DECATUR, Ga. - A charity known nationally for saving the lives of dogs and cats faced questions about how it failed to properly feed starving dogs in the DeKalb County Animal Shelter. Lifeline Animal Project manages the DeKalb shelter, but it's the police department that's responsible for investigating animal cruelty cases.
On March 31, officers seized two emaciated dogs named Jax and Cicely. The next day they brought in a dog named Chaos, also severely malnourished.
But according to a DeKalb police memo, when detectives stopped by two weeks later to weigh those dogs, they found they "looked physically the same as we had last seen them."
There's a reason for that. Lifeline employees failed to feed them properly.
"How could an animal shelter forget to feed starving dogs?" we asked Lifeline Animal Project founder Rebecca Guinn.
"To be honest with you, Randy, this was an awful mistake," she admitted. "And we take full responsibility for it."
In his memo, DeKalb police Sgt. T.C. Medlin said he told Shelter Director Kerry Moyers-Horton on April 13, "I don't think they are being fed." He said she replied, "Don't generalize; they are being fed, just maybe not enough."
Large signs went up on the cages requiring the dogs be fed 3-4 times a day.
But detectives were not convinced. They pulled surveillance video of the 400 section of the shelter where dogs involved in bite cases or animal cruelty are quarantined until their criminal cases are resolved.
After watching the video, police determined none of the 30 dogs housed there got food during a 47-hour period leading up to the investigators' complaint to Lifeline. Even worse, police say nearly all the dogs also went without food for the two days AFTER the complaint to Lifeline.
"The team members had a miscommunication," Guinn explained. "And one team member thought the other team member was feeding."
"So even after your folks were told, hey, these dogs aren't being fed, he says there were two more days went by and they really weren't being fed."
"Right. We had a breakdown in our system."
"Yes," admitted Guinn. "There's no excuse for this, Randy. I want to be really clear about this. There's no excuse for this kind of failure. We made a mistake."
One of those three starving dogs belonged to Zedric Tyner. The bus driver just bonded out of jail, charged with animal cruelty for leaving his dog Chaos in the garage to guard an abandoned house.
"And they not feeding him. Then you doing exactly what you claimed that we was doing," charged Alicia Sprinkler, Tyner's girl friend.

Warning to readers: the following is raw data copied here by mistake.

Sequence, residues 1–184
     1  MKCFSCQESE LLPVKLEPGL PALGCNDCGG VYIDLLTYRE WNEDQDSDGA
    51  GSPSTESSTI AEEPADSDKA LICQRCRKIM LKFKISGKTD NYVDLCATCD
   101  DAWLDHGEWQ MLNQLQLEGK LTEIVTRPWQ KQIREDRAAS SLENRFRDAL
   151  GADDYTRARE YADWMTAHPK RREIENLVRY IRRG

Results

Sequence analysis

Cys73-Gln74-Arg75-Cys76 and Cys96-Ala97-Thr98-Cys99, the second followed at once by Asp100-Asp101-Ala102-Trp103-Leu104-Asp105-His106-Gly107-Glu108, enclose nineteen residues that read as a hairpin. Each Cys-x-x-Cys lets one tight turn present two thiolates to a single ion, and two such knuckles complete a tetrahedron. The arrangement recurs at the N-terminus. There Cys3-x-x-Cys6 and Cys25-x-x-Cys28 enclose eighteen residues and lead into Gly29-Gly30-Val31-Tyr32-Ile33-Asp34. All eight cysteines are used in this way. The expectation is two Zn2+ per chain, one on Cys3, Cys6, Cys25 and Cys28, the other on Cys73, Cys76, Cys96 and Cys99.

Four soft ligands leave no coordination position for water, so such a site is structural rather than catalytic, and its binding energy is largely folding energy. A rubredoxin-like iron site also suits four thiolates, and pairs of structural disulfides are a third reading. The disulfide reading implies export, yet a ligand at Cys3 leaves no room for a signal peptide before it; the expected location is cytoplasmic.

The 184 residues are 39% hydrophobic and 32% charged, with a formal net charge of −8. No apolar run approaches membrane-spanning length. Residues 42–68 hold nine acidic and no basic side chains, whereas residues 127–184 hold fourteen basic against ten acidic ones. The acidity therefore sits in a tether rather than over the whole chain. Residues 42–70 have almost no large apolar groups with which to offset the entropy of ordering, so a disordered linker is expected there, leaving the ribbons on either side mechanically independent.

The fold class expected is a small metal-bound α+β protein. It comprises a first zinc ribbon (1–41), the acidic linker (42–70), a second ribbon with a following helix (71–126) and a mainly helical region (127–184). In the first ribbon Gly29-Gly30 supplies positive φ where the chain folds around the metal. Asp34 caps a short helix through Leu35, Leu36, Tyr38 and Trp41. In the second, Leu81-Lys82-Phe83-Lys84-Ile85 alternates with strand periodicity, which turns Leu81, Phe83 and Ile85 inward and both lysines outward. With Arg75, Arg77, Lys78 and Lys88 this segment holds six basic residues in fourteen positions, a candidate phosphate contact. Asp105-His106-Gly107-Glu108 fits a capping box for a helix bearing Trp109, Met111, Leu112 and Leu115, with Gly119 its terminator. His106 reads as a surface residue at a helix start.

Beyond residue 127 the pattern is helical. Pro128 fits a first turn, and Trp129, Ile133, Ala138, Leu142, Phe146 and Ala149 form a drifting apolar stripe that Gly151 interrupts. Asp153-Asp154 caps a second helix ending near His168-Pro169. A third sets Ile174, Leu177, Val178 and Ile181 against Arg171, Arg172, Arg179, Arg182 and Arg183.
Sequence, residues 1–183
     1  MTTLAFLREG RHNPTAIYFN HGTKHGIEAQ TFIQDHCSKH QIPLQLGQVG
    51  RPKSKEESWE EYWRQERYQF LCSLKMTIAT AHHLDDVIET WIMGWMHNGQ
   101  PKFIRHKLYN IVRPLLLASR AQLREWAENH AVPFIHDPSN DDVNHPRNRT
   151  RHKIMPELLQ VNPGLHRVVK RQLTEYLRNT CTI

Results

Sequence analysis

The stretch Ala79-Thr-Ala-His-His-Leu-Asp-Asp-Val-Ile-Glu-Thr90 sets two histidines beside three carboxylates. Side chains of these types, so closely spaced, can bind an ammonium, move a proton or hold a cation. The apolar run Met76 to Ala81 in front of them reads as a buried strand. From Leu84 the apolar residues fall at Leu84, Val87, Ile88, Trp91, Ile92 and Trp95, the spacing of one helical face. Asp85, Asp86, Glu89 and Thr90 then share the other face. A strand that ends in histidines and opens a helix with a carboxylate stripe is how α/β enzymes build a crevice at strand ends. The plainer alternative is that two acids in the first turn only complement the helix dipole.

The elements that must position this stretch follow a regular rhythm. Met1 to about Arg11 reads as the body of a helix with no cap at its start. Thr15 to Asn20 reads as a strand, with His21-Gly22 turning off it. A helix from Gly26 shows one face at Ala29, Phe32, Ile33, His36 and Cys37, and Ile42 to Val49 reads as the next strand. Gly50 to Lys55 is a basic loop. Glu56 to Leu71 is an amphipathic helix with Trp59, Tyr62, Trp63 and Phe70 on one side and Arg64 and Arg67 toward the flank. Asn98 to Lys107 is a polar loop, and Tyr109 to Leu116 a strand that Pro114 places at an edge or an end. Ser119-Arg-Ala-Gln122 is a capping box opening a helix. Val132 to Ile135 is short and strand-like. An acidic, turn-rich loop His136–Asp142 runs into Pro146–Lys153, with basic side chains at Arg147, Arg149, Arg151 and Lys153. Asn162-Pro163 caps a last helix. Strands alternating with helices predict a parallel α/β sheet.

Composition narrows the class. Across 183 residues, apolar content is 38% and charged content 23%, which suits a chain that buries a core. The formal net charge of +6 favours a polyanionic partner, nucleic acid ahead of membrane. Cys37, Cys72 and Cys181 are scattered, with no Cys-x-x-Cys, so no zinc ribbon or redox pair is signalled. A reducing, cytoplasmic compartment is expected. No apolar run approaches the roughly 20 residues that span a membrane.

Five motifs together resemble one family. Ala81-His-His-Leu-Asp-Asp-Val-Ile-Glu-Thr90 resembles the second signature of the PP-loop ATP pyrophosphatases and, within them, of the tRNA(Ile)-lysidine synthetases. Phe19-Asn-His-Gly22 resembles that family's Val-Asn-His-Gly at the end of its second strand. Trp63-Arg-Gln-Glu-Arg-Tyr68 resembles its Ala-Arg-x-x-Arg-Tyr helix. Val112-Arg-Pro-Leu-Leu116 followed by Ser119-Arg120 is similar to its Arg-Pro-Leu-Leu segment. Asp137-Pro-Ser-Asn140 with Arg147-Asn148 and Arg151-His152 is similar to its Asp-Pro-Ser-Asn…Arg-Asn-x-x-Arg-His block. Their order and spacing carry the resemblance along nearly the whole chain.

They've since visited their dog in the shelter hoping to reclaim him soon, even though police say Tyner is the reason his dog wound up there in the first place.
"You think you deserve your dog back?" we asked.
"Yes," he replied. "I deserve to get my dog back. And I do understand, you know, that I kept him in the garage. The conditions of the garage. I accept full responsibility for that. But I never mistreated my dog."
Regardless, Chaos seems to be back to a healthy weight now. So is Cicely, who Guinn said has gained 30 pounds.
But the third dog of the group was not so fortunate. Last month, Jax was moved to a stainless steel cage in the medical section of the shelter. One night, he tried to squeeze through the opening and the next morning was found dead, his body pinched in the door.
Lifeline placed at least some of the blame on the cage itself.
"We'll never know what happened here, Randy, but this isn't safe so we're not using it," Guinn stated.
But DeKalb police shot video of that cage right after the death. It showed the door working properly. They blamed Lifeline staff for not completely closing the door to the cage, thus allowing Jax to squeeze halfway through.
These two terrible incidents take place just as Lifeline reached a magic number: 91 percent of the animals that came to the shelter last month left with new families, compared to 61 percent when the county ran the shelter. But in reaching that magic 90 percent no-kill shelter status, Lifeline sometimes took a chance by adopting out animals who were not spayed or neutered.
The irony was obvious. Lifeline built a national reputation for spay/neuter. Since the charity started, nearly 100,000 dogs and cats in metro Atlanta have been fixed to make sure they don't contribute to the pet overpopulation. Lifeline said so far 188 dogs or cats have been adopted from the DeKalb shelter without being fixed mostly because they were too young or too medically fragile for surgery. They're all supposed to return for spay or neuter at a future time.
"I mean, there's a slight risk," Guinn admitted. "I can't deny that. I think it's a calculated risk that we put in place for life-saving."
Guinn said of those 188 dogs and cats, only six have not returned for surgery.
As for the 400 block of the shelter, Lifeline now requires staff sign a log after every feeding, embarrassed that a charity created to help vulnerable animals could have failed at delivering their basic needs.
"Is it possible that this team approach fell apart because the team was more focused on adoptions?" we asked.
"Absolutely not," Guinn responded adamantly. "Absolutely not. No. It's not about numbers. It's about saving their lives. Finding them homes. Giving the chance that they deserve."